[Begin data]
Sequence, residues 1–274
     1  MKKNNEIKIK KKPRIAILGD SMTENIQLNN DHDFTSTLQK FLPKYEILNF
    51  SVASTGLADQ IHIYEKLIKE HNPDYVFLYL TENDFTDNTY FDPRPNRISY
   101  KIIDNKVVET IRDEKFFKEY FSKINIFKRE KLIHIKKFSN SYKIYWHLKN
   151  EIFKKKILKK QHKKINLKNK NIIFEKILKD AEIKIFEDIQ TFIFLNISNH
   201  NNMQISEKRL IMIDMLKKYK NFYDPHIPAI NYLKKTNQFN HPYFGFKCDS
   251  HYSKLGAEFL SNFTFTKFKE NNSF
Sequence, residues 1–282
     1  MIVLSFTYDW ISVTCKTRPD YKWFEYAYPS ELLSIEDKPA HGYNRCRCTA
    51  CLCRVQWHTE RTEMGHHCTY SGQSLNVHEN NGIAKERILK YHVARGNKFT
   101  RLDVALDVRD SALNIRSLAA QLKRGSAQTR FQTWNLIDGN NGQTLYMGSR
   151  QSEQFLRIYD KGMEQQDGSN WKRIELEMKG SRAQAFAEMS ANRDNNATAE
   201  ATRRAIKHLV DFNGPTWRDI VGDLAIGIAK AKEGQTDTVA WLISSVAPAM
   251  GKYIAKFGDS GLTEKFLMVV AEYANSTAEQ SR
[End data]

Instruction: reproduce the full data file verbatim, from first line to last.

Sequence, residues 1–274
     1  MKKNNEIKIK KKPRIAILGD SMTENIQLNN DHDFTSTLQK FLPKYEILNF
    51  SVASTGLADQ IHIYEKLIKE HNPDYVFLYL TENDFTDNTY FDPRPNRISY
   101  KIIDNKVVET IRDEKFFKEY FSKINIFKRE KLIHIKKFSN SYKIYWHLKN
   151  EIFKKKILKK QHKKINLKNK NIIFEKILKD AEIKIFEDIQ TFIFLNISNH
   201  NNMQISEKRL IMIDMLKKYK NFYDPHIPAI NYLKKTNQFN HPYFGFKCDS
   251  HYSKLGAEFL SNFTFTKFKE NNSF
Sequence, residues 1–282
     1  MIVLSFTYDW ISVTCKTRPD YKWFEYAYPS ELLSIEDKPA HGYNRCRCTA
    51  CLCRVQWHTE RTEMGHHCTY SGQSLNVHEN NGIAKERILK YHVARGNKFT
   101  RLDVALDVRD SALNIRSLAA QLKRGSAQTR FQTWNLIDGN NGQTLYMGSR
   151  QSEQFLRIYD KGMEQQDGSN WKRIELEMKG SRAQAFAEMS ANRDNNATAE
   201  ATRRAIKHLV DFNGPTWRDI VGDLAIGIAK AKEGQTDTVA WLISSVAPAM
   251  GKYIAKFGDS GLTEKFLMVV AEYANSTAEQ SR